“Un arañazo por aquí, otro arañazo por allá“
“A scratch here, another scratch there”
Like most idiomatic phrases, their true meaning is lost once they are translated into a language other than the original. But after reading this news story in Reuters about the Cuban dictatorship’s new requirement for tourist visas, there is no phrase in English that describes the regime’s new policy as well as this Spanish term for ripping someone off.
Cuba to require medical insurance for visitors
HAVANA, March 6 (Reuters) – Cash-strapped Cuba will require visitors to buy health insurance if they want to enter the country, according to a new government measure disclosed on Saturday.
Under the measure, which takes effect in May, the insurance will be sold by foreign companies approved by the Cuban government or by Cuban firms at ports of entry to the communist-led island, the government said in the online edition of Cuba’s Official Gazette.
The measure decrees that tourists, foreigners with temporary residence in Cuba and Cubans living abroad who return to visit will have to be insured.
For those unfamiliar with the colloquial term “arañar,” the literal meaning is to scratch someone or something. However, when used to describe business transactions, it refers to someone unscrupulously scratching a small amount of money for themselves through devious methods. Since the amounts are small, there are always numerous scratches that when added up, the total amount one has been scratched becomes considerable. Hence the use of the term scratch: not a large chunk cut out of you at one time, but many little pieces that are hardly perceptible. It is a very effective method to steal money since you do not realize you have been had until you suddenly find yourself covered in scratches.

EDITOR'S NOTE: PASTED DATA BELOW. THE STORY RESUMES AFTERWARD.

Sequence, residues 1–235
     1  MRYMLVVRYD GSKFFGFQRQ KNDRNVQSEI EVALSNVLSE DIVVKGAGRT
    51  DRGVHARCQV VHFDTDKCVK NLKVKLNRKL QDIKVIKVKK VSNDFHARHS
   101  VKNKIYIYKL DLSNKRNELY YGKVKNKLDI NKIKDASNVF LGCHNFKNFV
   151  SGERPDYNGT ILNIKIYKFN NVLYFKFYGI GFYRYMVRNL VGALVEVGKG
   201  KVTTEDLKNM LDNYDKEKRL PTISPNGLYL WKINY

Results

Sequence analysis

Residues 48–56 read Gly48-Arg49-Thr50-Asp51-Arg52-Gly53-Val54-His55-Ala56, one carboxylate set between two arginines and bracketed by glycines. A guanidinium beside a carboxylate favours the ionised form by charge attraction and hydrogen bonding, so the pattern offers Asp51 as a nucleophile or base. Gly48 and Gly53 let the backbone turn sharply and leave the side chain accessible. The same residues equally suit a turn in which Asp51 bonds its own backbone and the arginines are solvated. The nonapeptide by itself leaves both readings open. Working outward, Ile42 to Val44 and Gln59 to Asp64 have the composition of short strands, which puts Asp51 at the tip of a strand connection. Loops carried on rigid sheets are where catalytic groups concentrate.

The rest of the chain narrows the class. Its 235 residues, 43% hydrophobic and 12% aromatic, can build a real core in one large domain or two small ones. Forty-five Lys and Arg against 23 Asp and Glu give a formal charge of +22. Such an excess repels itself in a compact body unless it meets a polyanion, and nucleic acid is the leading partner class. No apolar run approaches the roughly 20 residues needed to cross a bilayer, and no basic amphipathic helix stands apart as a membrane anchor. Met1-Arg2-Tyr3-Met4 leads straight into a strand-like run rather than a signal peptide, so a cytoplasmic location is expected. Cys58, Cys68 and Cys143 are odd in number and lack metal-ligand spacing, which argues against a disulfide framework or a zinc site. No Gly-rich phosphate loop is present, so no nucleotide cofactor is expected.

And that is one of the ways the Cuban regime likes to do business; they scratch a little here and they scratch a little there. They scratch tourists with entry fees, exit fees, passport fees, mandatory currency exchanges at ridiculously high rates. Bringing some soap, toothpaste, or a few pairs of jeans for the family? You get scratched with exorbitant import duties. Have some cash for tío Pepin? They will scratch you with a 20% fee off the top. Now, tourists arriving at the island prison will be scratched with health insurance fees. Forget about your own insurance, you have to buy the regime’s insurance; they can’t scratch your insurance company.
Add up all the scratches and what have you got? A whole lot of cash going directly into the pockets of the dictatorship’s elite. But hey, maybe if we let Castro, Inc. scratch us enough they will consider democratic reforms on the island. That makes sense, doesn’t it?